What is a Meteor Shower – What causes a meteor shower?

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What is a Meteor Shower

What is a Meteor Shower?

A meteor shower is a celestial event in which a number of meteors are observed to radiate, or originate, from one point in the night sky. These meteors are caused by streams of cosmic debris called meteoroids entering Earth’s atmosphere at extremely high speeds on parallel trajectories.

Most meteors are smaller than a grain of sand and burn up completely in the atmosphere before reaching the ground; however, occasionally much larger ones strike the ground causing significant damage or explosion.

Meteor showers have been observed for over 2,000 years and usually occur once per year or less. The vast majority of known meteor showers are unrelated to comets; however, some (such as the Quadrantids) appear to be associated with debris left behind by comets such as comet 2003 EH1

What causes a meteor shower?

What is a Meteor Shower

The cause of most annual meteor showers is currently unknown but they seem to be associated with certain streamsof particles that orbit around our sun . The particles involved must be very small—no bigger than specks of dust—and numerous enough so that when they enter Earth’s atmosphere they produce visible streaks across the sky .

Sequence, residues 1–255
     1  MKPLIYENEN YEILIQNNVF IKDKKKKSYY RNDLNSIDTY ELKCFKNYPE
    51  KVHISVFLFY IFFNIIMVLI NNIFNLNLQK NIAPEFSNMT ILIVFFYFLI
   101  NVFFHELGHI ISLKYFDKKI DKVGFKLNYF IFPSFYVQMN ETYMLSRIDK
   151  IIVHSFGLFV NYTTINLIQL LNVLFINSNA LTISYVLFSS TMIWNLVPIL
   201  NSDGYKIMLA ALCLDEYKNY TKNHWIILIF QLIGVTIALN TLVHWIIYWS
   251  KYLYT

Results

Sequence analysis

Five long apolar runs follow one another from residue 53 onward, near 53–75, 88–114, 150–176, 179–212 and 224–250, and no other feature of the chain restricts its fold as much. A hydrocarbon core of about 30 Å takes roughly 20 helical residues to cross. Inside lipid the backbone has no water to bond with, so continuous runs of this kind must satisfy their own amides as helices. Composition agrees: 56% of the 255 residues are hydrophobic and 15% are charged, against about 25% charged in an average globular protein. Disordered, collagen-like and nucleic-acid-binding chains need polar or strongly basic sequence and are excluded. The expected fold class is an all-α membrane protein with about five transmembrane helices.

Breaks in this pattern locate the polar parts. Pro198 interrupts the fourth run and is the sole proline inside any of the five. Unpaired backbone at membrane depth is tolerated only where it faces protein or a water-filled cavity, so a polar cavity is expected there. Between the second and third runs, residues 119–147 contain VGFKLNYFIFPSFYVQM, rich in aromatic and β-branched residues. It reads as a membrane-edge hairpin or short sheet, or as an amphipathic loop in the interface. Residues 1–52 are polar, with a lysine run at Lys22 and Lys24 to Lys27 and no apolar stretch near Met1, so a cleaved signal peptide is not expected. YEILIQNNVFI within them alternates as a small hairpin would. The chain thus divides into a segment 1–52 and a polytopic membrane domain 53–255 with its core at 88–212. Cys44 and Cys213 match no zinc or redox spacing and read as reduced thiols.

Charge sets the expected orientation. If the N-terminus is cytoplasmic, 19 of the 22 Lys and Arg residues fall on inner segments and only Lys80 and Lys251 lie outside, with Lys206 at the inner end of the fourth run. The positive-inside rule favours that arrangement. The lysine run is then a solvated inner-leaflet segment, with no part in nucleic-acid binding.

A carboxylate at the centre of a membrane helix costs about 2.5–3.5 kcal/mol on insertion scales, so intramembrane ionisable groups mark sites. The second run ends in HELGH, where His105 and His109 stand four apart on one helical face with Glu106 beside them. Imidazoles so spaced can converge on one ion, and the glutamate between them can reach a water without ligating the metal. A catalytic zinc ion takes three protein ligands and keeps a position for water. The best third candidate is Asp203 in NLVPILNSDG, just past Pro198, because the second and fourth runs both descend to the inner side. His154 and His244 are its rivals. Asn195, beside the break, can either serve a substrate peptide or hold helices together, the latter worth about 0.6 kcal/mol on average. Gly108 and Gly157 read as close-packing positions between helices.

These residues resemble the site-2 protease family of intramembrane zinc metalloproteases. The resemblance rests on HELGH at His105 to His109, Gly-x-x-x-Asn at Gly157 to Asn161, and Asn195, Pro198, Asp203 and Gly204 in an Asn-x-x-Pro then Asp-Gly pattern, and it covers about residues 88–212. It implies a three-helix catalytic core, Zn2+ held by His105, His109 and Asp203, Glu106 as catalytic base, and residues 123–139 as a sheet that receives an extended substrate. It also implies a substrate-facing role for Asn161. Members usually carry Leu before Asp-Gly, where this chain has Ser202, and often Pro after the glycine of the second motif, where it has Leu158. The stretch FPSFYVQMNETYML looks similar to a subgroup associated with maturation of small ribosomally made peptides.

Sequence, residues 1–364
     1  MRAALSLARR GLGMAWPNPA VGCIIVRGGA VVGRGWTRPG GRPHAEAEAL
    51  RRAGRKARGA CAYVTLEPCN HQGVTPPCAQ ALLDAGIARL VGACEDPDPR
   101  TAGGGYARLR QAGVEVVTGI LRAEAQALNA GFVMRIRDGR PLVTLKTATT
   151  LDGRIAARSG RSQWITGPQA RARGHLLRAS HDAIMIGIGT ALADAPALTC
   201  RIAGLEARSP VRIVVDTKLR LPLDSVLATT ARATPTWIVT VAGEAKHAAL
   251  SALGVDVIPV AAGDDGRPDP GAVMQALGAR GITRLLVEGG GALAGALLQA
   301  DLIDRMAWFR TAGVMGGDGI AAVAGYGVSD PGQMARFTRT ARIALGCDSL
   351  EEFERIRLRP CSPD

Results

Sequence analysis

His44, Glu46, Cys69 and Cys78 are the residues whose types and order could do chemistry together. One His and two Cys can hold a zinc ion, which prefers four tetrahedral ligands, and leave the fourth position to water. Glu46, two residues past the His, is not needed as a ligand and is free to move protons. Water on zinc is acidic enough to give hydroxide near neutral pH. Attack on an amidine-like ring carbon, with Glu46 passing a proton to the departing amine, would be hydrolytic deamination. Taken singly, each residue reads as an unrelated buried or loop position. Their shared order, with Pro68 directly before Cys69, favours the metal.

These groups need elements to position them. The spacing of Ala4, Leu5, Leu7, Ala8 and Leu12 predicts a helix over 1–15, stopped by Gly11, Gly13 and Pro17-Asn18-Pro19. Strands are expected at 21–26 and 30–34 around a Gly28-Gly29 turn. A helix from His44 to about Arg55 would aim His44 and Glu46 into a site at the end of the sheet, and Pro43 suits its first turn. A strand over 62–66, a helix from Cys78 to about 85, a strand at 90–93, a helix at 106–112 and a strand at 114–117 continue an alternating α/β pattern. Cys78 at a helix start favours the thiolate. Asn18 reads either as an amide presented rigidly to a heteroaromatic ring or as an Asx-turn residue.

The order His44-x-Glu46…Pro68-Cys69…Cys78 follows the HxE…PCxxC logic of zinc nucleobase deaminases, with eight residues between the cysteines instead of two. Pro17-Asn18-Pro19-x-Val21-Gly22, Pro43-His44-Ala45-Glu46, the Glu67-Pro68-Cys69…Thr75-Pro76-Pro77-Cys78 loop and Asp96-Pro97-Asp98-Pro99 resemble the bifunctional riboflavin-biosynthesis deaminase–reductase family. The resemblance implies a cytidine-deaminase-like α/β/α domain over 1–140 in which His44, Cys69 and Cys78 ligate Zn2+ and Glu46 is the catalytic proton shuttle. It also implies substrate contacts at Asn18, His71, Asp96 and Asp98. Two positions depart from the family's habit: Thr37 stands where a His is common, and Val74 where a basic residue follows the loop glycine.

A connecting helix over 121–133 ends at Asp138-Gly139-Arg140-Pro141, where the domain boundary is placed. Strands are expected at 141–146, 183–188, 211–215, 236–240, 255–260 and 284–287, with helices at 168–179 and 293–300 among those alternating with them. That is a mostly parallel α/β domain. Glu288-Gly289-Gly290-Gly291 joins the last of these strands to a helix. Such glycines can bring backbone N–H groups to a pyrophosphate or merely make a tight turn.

It has long been thought that many annual meteor showers were produced by periodic cometary activity , but this idea was challenged in 1983 when it was shown that none of six well-studied annual displays could plausibly result from any known comet.

How are meteor showers named?

What is a Meteor Shower

Meteor showers are named after the constellation that they appear to originate from. This is because when you trace the path of a meteor back, it appears to come from a specific point in the sky. For example, the Perseids shower appears to come from the constellation Perseus.

Are meteor showers dangerous?

What is a Meteor Shower

Meteor showers are not dangerous. They are simply caused by small pieces of space debris (dust and rocks) entering Earth’s atmosphere at high speeds. When these particles enter our atmosphere, they friction and heat up, causing them to glow brightly and disintegrate into streaks of light across the sky.

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